Nick Piecoro of the Arizona Republic reports that the Diamondbacks are talking to third baseman Mark Reynolds about a three-year extension that would buy out two of his three arbitration years. There are no hard numbers attached to the negotiations, but Piecoro does some back-of-the-envelope calculations which, reasonably in my mind, suggests that a three-year, $15 million deal may be in order.
Reynolds would be wise to get something for himself now. He’s a great player, but he’s old for a guy who still hasn’t reached arbitration — he turns 27 this season — so he’s never going to have a chance at a shoot-the-moon free agency. And even if he does make it out to the market in good shape one day, there are still a ton of teams who will be scared off by his strikeouts, thus making for a more limited market than his considerable skills might ordinarily dictate.
So take the money, continue raking, and then angle yourself for one big arbitration year, Mark, because there aren’t many guarantees for a guy over 30 who strikes out 200 times a year.
The Rockies activated first baseman Ian Desmond from the 10-day disabled list on Sunday, the club announced. Cristhian Adames was designated for assignment to create roster space. Desmond is in Sunday’s lineup against the Diamondbacks, batting sixth.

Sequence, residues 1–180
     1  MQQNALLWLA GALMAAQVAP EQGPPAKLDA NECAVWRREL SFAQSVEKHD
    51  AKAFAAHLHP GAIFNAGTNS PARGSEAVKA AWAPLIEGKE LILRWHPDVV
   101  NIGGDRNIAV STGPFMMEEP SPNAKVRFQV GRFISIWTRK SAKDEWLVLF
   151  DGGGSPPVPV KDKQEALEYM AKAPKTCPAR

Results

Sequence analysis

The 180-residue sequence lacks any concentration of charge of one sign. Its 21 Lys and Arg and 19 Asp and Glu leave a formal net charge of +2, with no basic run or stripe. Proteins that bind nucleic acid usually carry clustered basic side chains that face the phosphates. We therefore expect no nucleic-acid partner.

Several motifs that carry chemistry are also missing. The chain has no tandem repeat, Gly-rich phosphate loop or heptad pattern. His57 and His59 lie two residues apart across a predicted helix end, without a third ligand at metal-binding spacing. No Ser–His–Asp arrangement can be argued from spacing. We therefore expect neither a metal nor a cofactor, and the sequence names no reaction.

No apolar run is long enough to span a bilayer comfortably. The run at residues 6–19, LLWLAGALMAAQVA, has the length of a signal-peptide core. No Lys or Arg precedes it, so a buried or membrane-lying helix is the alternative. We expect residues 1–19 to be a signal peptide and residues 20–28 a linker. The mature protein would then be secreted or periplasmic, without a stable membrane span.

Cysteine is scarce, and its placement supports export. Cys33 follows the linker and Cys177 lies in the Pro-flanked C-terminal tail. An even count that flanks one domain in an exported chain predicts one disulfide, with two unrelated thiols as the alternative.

Desmond, 31, signed a five-year, $70 million contract with the Rockies in December. In March, he was unfortunately hit by a pitch and suffered a broken left hand. He underwent surgery to repair the damage.
Desmond had been playing in extended spring training as a precursor to rehab games, but he looked so good that the Rockies decided to activate him from the disabled list a little early.
This wasn’t how Aaron Sanchez was supposed to make his triumphant return from the disabled list. The Blue Jays’ right-hander was activated for his first start on Sunday after undergoing a minor surgical procedure to have part of his fingernail removed. According to MLB.com’s Gregor Chisholm, the surgery should have accelerated the healing process for a troublesome blister, and the team appeared confident in the right-hander’s ability to take the mound for the tail end of their homestand. Instead, Sanchez lasted just 13 pitches before exiting the game with a split nail on his right middle finger.
The team has yet to address Sanchez’s revised timetable for return, but Chisholm points out that they should be able to roll with their current rotation through May 9. If he sits out longer, the Jays could turn to left-hander J.A. Happ, who should be eligible to start sometime next month after he makes a full recovery from a bout of left elbow inflammation.
Sanchez, 24, entered Sunday with a 4.38 ERA, 2.9 BB/9 and 6.6 SO/9 through 12 1/3 innings with Toronto. He was replaced by right-handed reliever Ryan Tepera in the top of the second inning.